The battle of Bogesund 1520
The Battle of Bogesund took place 500 years ago, when a force led by Swedish regent Sten Sture the Younger met Danish King Christian II’s mercenary army on the frozen lake Åsunden.
During the winter of 1519-1520, King Christian II – ruler of Denmark and Norway under the Kalmar Union – decided that the time was ripe to demand sovereignty over Sweden. His army gathered in Halland before making its way up into our region, probably following the course of the River Ätran. The Danish King’s mercenaries, under the command of Otto Krumpen, were confronted by Sten Sture the Younger’s peasant force at what is now Skottek, just south of Ulricehamn’s current town centre. The two armies met on the ice of the frozen lake Åsunden, suggesting that the winter must have been particularly cold, given that the ice was thick enough to support cannon, horses and soldiers.
Sten Sture sustained a mortal wound
Regent Sten Sture was mortally wounded when a cannonball struck his leg. There was no medical help available in the small village of Bogesund; Sten Sture was bedded down on a sled and drawn back towards Stockholm. dying later on his sled on the ice of Lake Mälaren.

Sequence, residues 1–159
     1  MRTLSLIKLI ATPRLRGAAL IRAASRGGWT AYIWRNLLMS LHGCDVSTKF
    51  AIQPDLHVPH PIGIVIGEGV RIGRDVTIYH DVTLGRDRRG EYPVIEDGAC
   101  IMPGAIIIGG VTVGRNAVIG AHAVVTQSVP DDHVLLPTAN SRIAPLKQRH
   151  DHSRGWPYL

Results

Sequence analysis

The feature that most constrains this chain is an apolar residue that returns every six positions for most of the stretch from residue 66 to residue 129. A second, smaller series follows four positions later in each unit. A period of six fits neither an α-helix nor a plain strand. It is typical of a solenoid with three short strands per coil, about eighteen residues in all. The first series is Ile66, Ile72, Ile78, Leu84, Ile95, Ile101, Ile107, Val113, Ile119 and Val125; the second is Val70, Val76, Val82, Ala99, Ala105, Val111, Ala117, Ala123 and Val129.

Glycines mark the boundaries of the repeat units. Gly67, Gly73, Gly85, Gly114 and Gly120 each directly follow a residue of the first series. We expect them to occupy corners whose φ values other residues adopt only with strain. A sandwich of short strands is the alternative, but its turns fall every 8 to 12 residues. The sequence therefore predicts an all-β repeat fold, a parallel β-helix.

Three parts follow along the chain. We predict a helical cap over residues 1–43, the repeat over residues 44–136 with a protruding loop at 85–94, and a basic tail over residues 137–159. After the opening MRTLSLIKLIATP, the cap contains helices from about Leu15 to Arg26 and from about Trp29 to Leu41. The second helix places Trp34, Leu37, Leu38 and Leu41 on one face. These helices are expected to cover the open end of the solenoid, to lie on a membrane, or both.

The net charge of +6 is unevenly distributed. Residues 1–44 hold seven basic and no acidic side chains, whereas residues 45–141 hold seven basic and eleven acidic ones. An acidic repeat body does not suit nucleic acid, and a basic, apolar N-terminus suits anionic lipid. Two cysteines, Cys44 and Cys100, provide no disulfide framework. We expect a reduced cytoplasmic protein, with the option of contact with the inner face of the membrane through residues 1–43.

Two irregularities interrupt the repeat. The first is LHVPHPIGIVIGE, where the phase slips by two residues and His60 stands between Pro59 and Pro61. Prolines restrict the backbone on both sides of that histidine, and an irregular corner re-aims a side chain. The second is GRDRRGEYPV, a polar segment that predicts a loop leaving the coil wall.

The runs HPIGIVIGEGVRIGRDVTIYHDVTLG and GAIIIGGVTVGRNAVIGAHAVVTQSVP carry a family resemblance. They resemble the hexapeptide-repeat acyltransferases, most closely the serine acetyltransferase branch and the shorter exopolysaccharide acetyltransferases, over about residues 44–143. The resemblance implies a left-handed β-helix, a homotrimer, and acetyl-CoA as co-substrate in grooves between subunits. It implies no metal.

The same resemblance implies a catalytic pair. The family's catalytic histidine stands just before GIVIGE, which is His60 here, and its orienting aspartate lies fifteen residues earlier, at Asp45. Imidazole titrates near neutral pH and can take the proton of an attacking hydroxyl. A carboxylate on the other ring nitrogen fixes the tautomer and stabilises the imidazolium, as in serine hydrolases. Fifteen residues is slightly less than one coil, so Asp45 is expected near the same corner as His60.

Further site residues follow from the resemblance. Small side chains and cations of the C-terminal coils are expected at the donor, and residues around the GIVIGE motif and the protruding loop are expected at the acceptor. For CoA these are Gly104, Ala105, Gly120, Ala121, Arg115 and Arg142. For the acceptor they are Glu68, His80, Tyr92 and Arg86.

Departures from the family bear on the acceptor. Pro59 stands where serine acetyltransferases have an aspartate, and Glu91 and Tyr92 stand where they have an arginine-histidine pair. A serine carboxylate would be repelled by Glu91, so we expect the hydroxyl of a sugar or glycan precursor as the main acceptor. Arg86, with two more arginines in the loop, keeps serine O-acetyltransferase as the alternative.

The still oak-bedecked site beside the waters of Åsunden where Sten Sture was shot was thereafter known by the name it still bears today: Skottek, Shot Oak in English. Today, the site is home to the Sten Sture Monument.
Once the Swedish regent had been dispatched from the Battle of Bogesund, his leaderless troops were unable to hold back the rampaging Danes, who soon set course for Stockholm.
With Denmark victorious, Christian II arrived in Stockholm in November of that same year to be crowned as king of Sweden, as well as Norway and Denmark, and therefore the rightful ruler of the Kalmar Union. His time on the throne was brief, however; after Christian II ordered the trial and execution of over 80 high-ranking Swedes in what became known as the Stockholm Bloodbath, the country revolted and, eventually, Gustav Vasa was elected as Sweden’s king.